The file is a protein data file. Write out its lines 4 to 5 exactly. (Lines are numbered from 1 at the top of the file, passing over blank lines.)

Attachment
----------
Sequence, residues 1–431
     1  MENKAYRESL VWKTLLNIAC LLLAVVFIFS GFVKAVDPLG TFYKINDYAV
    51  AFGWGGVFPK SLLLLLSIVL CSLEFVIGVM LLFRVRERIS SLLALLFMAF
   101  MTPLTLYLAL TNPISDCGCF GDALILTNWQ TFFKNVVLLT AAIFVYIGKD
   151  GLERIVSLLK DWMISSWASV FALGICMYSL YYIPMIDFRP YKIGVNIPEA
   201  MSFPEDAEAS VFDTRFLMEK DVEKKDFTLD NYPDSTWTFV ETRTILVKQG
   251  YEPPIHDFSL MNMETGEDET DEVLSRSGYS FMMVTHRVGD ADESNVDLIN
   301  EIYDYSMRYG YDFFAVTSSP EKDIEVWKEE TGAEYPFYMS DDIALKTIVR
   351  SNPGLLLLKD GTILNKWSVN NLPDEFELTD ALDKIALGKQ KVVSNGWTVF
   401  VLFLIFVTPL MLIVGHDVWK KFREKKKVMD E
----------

   101  MTPLTLYLAL TNPISDCGCF GDALILTNWQ TFFKNVVLLT AAIFVYIGKD
   151  GLERIVSLLK DWMISSWASV FALGICMYSL YYIPMIDFRP YKIGVNIPEA